How History Helped Us Grow into the Future
I was astounded by the depth of my autistic son’s knowledge about naval history on a recent trip to Portsmouth’s Historic Dockyard. On the trip, a present for my son Charlie’s 20th birthday, I thought about how far we’ve come since he was diagnosed at the age of 7. I’m a middle-aged dad, living in Walthamstow with Cleo, my wife, and our kids, Charlie and Lola. While I work as a civil servant, my real passion is film, poetry, and writing. I’ve written about the challenges of raising a child with autism and had a chapter included in Dad: Untold Stories of Fatherhood.
While I reflected, I realised that alongside the challenges there are many positives.
As the theme for this year’s Children’s Mental Health Week is ‘Growing Together’ I decided to write a blog about those positives and in particular on what Charlie has taught me. I think, as with many parents, I’ve often focused on teaching my children and hopefully getting some messages through, Charlie is turning into a kind and considerate adult.
Sometimes we forget how much our children can inspire and teach us.
Past flights of fancy
Charlie has severe, sometimes overwhelming anxiety and my wife and I have tried to help him as best we can. We battled to get him support over the years (now facing a new cliff-edge of entering adulthood and the children’s service support falling away). Like some people with autism, Charlie has ‘special interests’ about which he can talk at length and focusing on these is one of the tools we have used to help him with his anxiety.
When he was younger one of Charlie’s special interests was birds. We have no idea where this came from, maybe because we live around the corner from Walthamstow Wetlands. We used feeding the geese as a way to get him up in time for his school bus. Some of his other special interests may have been slightly engineered by us, for example, his love of Star Wars was definitely initiated by me, although by the time he was 9 his knowledge of the Galaxy far, far away far exceeded my own. His love of birds was his first ‘special interest’ that actually taught me a lot. My own dad had for many years tried to get me interested in birds but by the age of ten I was far more interested in the world of punk rock than anything the young ornithologists had to offer. As I reached adulthood, I could probably identify pigeons, crows, ducks, and seagulls (hard not to growing up in Brighton), so my poor dad had miserably failed to teach me about birds. It was through Charlie’s enthusiasm for birds that I learnt all the things my dad wanted to teach me. Charlie’s incredible sense of hearing enables him to identify different types of bird from their song. He once told me there were some Greylag Geese approaching just by their sounds, I was sceptical until a whole gaggle of Greylags appeared. It was such a pleasure to be able to share and learn from Charlie’s passion. It took Charlie away from his anger and anxiety and transformed him into a calm and very happy child. And these days I can identify a much wider variety of birds, Dad would have been proud.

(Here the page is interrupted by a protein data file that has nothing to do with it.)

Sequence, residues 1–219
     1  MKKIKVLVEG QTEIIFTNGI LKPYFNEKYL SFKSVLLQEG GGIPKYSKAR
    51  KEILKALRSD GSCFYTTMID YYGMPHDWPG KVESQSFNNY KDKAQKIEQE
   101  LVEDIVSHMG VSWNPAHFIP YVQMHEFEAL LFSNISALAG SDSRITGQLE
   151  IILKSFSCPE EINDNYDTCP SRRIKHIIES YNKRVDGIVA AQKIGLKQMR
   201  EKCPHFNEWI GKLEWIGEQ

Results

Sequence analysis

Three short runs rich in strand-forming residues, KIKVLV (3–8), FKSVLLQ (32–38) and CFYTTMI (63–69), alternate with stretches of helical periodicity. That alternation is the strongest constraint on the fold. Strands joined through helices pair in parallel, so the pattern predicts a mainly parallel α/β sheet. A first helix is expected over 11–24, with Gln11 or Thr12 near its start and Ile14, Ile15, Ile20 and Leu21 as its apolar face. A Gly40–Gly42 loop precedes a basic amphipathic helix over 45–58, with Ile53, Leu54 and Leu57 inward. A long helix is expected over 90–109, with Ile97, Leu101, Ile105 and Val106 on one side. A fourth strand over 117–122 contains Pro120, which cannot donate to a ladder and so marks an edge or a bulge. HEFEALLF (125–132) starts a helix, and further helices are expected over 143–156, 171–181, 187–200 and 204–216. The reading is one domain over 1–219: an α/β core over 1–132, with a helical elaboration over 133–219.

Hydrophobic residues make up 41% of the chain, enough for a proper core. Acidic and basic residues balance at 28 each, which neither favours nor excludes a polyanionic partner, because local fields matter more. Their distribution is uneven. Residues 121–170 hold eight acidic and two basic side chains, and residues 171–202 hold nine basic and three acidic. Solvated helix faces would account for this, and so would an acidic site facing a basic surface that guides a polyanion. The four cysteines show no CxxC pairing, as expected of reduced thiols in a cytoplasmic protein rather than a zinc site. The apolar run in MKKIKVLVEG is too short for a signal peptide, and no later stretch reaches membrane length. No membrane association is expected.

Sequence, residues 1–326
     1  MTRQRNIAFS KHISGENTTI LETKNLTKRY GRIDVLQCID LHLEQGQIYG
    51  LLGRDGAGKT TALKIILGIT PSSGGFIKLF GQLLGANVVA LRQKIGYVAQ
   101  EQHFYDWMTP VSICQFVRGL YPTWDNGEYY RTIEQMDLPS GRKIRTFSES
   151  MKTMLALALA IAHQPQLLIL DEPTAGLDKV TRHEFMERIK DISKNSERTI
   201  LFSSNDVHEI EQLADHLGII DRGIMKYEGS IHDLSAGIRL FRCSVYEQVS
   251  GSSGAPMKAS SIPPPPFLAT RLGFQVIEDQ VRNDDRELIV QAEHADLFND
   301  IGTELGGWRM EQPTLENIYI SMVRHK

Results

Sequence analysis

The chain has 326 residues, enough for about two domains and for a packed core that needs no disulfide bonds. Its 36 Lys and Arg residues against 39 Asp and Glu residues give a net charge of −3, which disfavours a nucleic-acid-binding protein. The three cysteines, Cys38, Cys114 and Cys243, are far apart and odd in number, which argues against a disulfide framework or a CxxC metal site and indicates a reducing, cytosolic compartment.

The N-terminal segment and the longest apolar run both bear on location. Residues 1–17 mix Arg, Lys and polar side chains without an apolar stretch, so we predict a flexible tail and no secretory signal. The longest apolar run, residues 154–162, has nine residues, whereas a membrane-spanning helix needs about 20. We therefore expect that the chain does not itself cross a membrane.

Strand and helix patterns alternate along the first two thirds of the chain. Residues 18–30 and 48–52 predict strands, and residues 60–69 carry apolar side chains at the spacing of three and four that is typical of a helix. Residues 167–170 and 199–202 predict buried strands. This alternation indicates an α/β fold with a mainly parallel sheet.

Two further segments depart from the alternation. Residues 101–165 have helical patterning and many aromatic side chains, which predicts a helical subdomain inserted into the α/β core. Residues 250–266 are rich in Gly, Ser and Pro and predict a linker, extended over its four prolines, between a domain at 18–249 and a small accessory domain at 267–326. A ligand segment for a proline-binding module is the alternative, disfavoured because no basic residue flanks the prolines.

Now It’s All History As he’s grown older, Charlie’s love of birds has waned somewhat and been replaced by other special interests. Some mean very little to me (the world of anime is completely alien) but others which have brought us together and taught me a lot. One is his love of history. Again, we have no idea where this came from, he went to a special school and they didn’t do a huge amount of history there, and he is currently studying media (like many of his generation his ambition is to be a YouTuber). One possibility is that it was initiated by playing a war game on his Xbox, he is particularly interested in military history, which contradicts the perception that gaming is just bad for kids. One of the great things about Charlie’s interest in history is his willingness to watch documentaries with us. Like many teens, Charlie spends an unhealthy amount of time in his room glued to his phone. Sometimes, when he is in the grip of an anxiety attack, I can distract him by putting on a documentary about something like the Second World War. The other wonderful thing is being able to have long, detailed discussions about a huge range of historical subjects from Genghis Khan to the morality of the British Empire. I find myself being regularly surprised at the level of Charlie’s knowledge, for someone who hardly ever reads books he has a really broad grasp of history. Aside from the documentaries we watch together, I’ve no idea where he gets all his information from, I assume it must be online. But wherever he does get it from, the really inspiring thing is that he’s taught himself. And by doing that he has been able to teach me. All Aboard My wife and I sometimes discuss how to nurture his special interest without putting him off, I’m sure if he had to study history, he would hate it. So, as the milestone of twenty approached, my wife came up with the idea of taking Charlie and a friend to Portsmouth. The trip was fascinating, for all of us, and we all really enjoyed it and learnt loads about life on a submarine, the Warrior and the Victory (although at 6’4” Charlie got backache from bending down).
“That’s a Type 23 Frigate” Charlie informed me, before the guide said anything, as the tour boat took as around Portsmouth Harbour, and I had no doubt that it was indeed a Type 23 Frigate.
As we travelled back to London, with heads full of Naval History, I remembered something we learnt on an autism training course from years before – ‘allow for the autism’. I’d always considered it in terms of Charlie’s behaviour, but it occurred to me that actually by nurturing his special interests we’d been allowing for his autism. Doing this had enabled us to grow strong relationships as a family through shared interests. And I felt hopeful about a future of growing together with Charlie through our shared interest in history.